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Take this short quiz. Get personalized recommendations on what to take and how to take it. Then visit the Conditions section to learn about the studies on CBD for your condiiton or symptoms. Most people take CBD for pain, sleep, anxiety-relief, gut health, inflammation, or support during cancer treatment but you’ll find information on dozens of conditions.
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- Consumer Reports suggests looking for products made by companies in states that have legalized the recreational and medical use of cannabis “since they tend to have stricter standards.” If you live in a “CBD-only” state, choose CBD products made with American-grown hemp (from Colorado, Kentucky, Oregon, Montana, Vermont, Tennessee, etc.) rather than foreign sources.
- Choose “full spectrum” CBD-rich oil extracts, not isolate, distillate or products labeled “pure CBD” or “no THC.” Full spectrum means it includes numerous cannabis compounds, including a small amount of THC. If THC is completely illegal in your state, opt for so-called “broad spectrum” CBD oil products that include other cannabis components but no THC.
- Look for product labels that indicate the amount of CBD and THC per serving – not just the total cannabinoid content for the entire bottle.
- Beware of companies that make explicit health claims about CBD products (this is not allowed by the FDA).
- Seek out CBD-rich products derived from high-resin cannabis grown sustainably in accordance with certified regenerative organic standards.
- Avoid CBD hemp oil vape cartridge products with toxic thinning agents (such as propylene glycol and polyethylene glycol), flavor additives, and other harmful ingredients.
- Avoid poor quality CBD-infused gummies made with corn syrup and artificial colors.
- Think twice about brands that claim their CBD is derived from the seed and stalk of the hemp plant. CBD is not present in hempseed and barely any CBD is present on the stalk of the hemp plant.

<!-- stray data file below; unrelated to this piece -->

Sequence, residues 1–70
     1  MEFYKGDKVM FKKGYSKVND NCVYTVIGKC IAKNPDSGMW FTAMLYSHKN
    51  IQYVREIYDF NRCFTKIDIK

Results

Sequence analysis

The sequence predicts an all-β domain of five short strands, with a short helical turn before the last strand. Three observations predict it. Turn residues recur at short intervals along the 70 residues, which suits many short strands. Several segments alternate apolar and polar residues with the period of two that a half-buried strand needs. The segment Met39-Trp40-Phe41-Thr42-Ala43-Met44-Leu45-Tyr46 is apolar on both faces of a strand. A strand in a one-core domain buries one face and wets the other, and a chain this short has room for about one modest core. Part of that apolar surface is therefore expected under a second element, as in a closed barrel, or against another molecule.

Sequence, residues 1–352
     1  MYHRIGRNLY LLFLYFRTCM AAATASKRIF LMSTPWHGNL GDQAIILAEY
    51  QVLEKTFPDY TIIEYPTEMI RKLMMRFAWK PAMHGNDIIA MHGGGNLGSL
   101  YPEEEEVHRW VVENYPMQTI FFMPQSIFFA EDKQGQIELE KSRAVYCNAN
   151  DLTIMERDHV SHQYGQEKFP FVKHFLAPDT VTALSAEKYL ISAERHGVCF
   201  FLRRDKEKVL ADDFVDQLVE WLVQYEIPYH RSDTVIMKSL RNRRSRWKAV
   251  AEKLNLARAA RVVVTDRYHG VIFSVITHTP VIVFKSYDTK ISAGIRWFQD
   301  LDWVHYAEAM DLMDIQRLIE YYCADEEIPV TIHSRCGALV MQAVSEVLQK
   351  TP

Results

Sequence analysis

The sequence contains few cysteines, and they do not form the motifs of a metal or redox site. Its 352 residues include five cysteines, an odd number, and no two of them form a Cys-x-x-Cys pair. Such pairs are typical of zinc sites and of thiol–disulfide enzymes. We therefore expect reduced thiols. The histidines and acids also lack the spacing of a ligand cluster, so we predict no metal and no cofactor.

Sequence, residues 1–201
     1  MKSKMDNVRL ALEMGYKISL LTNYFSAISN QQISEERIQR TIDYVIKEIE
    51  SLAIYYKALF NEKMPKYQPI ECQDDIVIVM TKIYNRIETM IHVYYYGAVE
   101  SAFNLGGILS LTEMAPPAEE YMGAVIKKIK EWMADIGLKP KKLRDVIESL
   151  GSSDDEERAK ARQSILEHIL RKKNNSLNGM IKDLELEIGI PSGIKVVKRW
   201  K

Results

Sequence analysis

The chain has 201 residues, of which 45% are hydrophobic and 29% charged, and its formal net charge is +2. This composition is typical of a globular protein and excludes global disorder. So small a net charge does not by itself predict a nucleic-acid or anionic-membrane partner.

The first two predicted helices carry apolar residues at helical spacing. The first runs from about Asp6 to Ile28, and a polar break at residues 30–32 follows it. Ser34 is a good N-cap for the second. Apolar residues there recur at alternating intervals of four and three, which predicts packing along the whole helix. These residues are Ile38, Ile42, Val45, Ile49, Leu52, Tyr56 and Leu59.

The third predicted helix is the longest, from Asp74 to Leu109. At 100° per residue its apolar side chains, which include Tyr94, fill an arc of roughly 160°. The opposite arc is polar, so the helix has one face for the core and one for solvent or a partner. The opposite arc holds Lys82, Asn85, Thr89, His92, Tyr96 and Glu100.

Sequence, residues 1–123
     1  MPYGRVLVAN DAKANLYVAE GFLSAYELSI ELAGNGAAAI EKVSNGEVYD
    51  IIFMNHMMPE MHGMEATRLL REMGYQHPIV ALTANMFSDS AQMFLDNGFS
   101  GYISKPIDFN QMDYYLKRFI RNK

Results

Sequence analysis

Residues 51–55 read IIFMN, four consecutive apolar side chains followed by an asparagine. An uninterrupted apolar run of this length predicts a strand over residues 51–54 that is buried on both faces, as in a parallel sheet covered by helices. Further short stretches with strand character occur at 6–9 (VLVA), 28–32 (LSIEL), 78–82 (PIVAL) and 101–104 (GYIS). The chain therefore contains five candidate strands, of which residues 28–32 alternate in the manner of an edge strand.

- Beware of multilevel marketing schemes and companies that seek to sign you up right away for recurring purchases.
- Don’t be afraid to contact CBD companies directly and ask questions. And if you cannot reach them directly, try another brand.
CBD is a non-intoxicating part of the cannabis plant with enormous healing potential. Although CBD doesn’t make people feel high, it’s causing quite a buzz.
The earliest reference to the therapeutic use of cannabis dates back to 2700 BC in ancient China, “the land of hemp and mulberry.” Cannabis (“Ma”) was subsequently included in the Pen Ts’ao Ching, humankind’s first pharmacopeia, which had been assembled by Emperor Shen Nung. The legendary father of traditional Chinese medicine, Shen Nung is credited with introducing the custom of drinking tea.
There is no single ratio or strain that’s right for everyone. A person’s sensitivity to THC is a key factor in determining the appropriate ratio and dosage of CBD-rich medicine. You need to find the combination of CBD and THC that works best for you.
Project CBD has teamed up with Reader’s Digest to publish a reliable, accessible, easy-to-understand guide to all things CBD.